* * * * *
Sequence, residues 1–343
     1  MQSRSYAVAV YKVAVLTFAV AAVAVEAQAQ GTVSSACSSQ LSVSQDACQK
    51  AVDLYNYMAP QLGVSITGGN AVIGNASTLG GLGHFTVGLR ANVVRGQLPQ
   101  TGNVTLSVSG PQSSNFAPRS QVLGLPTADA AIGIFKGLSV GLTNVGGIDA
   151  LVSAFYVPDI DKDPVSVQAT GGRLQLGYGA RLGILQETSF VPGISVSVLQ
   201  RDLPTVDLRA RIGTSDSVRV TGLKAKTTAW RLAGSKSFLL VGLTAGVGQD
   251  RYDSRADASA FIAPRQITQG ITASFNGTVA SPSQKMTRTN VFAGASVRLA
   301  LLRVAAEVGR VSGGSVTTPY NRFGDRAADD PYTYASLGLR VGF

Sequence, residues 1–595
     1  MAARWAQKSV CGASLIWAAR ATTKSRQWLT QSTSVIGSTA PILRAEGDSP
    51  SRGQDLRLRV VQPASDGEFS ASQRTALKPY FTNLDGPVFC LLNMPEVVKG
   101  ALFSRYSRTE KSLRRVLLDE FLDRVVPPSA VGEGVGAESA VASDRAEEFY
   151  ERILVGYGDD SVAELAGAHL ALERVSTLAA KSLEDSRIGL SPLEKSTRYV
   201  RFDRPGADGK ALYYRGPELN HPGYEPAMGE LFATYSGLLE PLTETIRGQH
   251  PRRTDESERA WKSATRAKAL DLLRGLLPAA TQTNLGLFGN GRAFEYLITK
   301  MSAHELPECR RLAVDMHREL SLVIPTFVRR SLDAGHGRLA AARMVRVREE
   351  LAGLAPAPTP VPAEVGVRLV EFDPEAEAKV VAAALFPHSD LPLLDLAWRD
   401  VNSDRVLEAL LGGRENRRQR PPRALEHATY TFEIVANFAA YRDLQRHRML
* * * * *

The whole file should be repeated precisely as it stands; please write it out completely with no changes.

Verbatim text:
Sequence, residues 1–343
     1  MQSRSYAVAV YKVAVLTFAV AAVAVEAQAQ GTVSSACSSQ LSVSQDACQK
    51  AVDLYNYMAP QLGVSITGGN AVIGNASTLG GLGHFTVGLR ANVVRGQLPQ
   101  TGNVTLSVSG PQSSNFAPRS QVLGLPTADA AIGIFKGLSV GLTNVGGIDA
   151  LVSAFYVPDI DKDPVSVQAT GGRLQLGYGA RLGILQETSF VPGISVSVLQ
   201  RDLPTVDLRA RIGTSDSVRV TGLKAKTTAW RLAGSKSFLL VGLTAGVGQD
   251  RYDSRADASA FIAPRQITQG ITASFNGTVA SPSQKMTRTN VFAGASVRLA
   301  LLRVAAEVGR VSGGSVTTPY NRFGDRAADD PYTYASLGLR VGF

Sequence, residues 1–595
     1  MAARWAQKSV CGASLIWAAR ATTKSRQWLT QSTSVIGSTA PILRAEGDSP
    51  SRGQDLRLRV VQPASDGEFS ASQRTALKPY FTNLDGPVFC LLNMPEVVKG
   101  ALFSRYSRTE KSLRRVLLDE FLDRVVPPSA VGEGVGAESA VASDRAEEFY
   151  ERILVGYGDD SVAELAGAHL ALERVSTLAA KSLEDSRIGL SPLEKSTRYV
   201  RFDRPGADGK ALYYRGPELN HPGYEPAMGE LFATYSGLLE PLTETIRGQH
   251  PRRTDESERA WKSATRAKAL DLLRGLLPAA TQTNLGLFGN GRAFEYLITK
   301  MSAHELPECR RLAVDMHREL SLVIPTFVRR SLDAGHGRLA AARMVRVREE
   351  LAGLAPAPTP VPAEVGVRLV EFDPEAEAKV VAAALFPHSD LPLLDLAWRD
   401  VNSDRVLEAL LGGRENRRQR PPRALEHATY TFEIVANFAA YRDLQRHRML